• A new arbitration procedure tailored to accommodate IGOs would inevitably prejudice the legal rights of domain name registrants. When WIPO’s Standing Committee on Trademarks, Industrial Designs and Geographical Indications (SCT) further considered this matter in 2002 it recommended that appeals be handled through de novo binding arbitration in recognition of the unwillingness of some IGOs to submit to national law. However, the ability to appeal to a court of competent jurisdiction has been an invaluable protection of the legal rights of domain name registrants seeking to appeal UDRP decisions, and depriving registrants of this
    ultimate protection is not an acceptable option.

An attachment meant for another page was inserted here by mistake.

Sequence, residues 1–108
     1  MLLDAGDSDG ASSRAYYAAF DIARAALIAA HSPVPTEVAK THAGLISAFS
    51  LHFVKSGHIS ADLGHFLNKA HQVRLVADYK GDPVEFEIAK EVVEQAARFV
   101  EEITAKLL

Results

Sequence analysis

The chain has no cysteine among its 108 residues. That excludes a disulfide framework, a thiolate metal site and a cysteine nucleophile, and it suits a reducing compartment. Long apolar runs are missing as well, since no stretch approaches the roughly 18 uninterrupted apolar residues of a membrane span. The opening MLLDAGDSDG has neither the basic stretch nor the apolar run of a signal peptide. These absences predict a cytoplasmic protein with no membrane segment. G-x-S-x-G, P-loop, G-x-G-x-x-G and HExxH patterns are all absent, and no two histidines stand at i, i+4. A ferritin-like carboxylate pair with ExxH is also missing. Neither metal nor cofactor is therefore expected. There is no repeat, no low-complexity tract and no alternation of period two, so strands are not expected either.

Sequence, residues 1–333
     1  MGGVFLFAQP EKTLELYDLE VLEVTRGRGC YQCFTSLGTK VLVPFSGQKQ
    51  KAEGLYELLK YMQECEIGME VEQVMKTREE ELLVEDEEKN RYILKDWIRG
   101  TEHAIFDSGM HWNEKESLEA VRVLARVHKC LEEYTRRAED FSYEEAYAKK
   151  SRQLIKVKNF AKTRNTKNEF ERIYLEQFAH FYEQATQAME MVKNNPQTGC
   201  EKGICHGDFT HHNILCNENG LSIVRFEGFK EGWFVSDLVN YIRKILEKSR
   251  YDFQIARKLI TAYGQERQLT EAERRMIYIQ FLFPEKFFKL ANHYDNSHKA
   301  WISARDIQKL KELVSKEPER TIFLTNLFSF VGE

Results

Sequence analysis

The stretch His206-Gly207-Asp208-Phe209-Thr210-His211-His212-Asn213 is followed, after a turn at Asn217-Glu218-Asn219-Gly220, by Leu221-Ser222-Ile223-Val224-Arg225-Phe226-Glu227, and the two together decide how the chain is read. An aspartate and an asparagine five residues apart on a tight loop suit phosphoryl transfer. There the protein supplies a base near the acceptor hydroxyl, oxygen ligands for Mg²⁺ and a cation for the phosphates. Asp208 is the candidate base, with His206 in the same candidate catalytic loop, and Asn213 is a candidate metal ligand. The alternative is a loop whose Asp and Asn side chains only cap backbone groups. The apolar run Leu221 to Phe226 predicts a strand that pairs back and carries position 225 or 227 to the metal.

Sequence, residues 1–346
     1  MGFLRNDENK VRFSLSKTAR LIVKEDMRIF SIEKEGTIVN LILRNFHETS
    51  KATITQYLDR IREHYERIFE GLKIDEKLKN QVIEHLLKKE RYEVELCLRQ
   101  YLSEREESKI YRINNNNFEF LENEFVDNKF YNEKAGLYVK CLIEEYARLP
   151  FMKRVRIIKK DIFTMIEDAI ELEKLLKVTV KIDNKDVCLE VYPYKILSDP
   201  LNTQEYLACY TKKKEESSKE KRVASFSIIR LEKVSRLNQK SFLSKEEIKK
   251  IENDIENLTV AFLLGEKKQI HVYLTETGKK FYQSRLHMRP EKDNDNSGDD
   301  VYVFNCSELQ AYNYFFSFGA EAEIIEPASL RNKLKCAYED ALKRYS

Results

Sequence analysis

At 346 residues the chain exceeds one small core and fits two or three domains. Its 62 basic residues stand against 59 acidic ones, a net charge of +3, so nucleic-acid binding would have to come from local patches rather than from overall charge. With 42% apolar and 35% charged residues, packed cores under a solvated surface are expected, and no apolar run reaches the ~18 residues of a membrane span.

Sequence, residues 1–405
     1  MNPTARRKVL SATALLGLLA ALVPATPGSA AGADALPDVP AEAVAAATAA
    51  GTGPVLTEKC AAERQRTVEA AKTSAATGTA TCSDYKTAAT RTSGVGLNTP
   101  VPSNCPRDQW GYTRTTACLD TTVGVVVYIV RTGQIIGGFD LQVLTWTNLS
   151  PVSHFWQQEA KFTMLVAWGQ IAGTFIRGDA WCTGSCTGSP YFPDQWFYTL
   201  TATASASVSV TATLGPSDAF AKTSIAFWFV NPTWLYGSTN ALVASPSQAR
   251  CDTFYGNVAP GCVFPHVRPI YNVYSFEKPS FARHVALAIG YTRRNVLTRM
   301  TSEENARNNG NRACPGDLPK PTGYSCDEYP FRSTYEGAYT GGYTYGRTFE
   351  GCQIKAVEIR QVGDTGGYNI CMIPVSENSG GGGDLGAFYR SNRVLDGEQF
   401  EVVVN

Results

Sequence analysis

• A separate arbitration procedure has been opposed by key ICANN constituencies.  In 2007 the Registries Constituency opposed a suggestion from the Intellectual Property Constituency favoring creation of a new arbitration procedure for IGOs, stating that the recommendations “are tantamount to asking ICANN to become an “enforcer of treaties”, which is not its proper role. The treaties in question are not enforced in every signatory nation in the same way, and a globally uniform enforcement system will impinge on national law to some extent. This is “mission creep” and the establishment of a dangerous precedent.” Similarly, in the past the Commercial and Business Users Constituency (CBUC, of which ICA is a member)  “questioned the nature and extent of the problem faced by IGOs, given their registrability in the .int domain and the existence of the UDRP for those IGOs holding trademark rights; they also noted that there seemed to be relatively few documented instances of actual bad faith confusion and were concerned that the WIPO-2 recommendations were disproportionate to the problem.”